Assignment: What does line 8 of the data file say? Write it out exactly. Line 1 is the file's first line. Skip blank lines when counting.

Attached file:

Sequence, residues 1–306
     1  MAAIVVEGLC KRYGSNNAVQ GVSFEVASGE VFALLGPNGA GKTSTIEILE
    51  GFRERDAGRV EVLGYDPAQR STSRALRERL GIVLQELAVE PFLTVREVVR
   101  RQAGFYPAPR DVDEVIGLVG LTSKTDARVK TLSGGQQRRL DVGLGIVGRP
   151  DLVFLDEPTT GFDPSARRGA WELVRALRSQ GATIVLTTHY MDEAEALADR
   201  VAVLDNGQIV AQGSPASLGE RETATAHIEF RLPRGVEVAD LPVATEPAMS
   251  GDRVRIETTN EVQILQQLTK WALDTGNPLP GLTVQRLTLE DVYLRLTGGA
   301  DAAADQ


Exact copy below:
   301  DAAADQ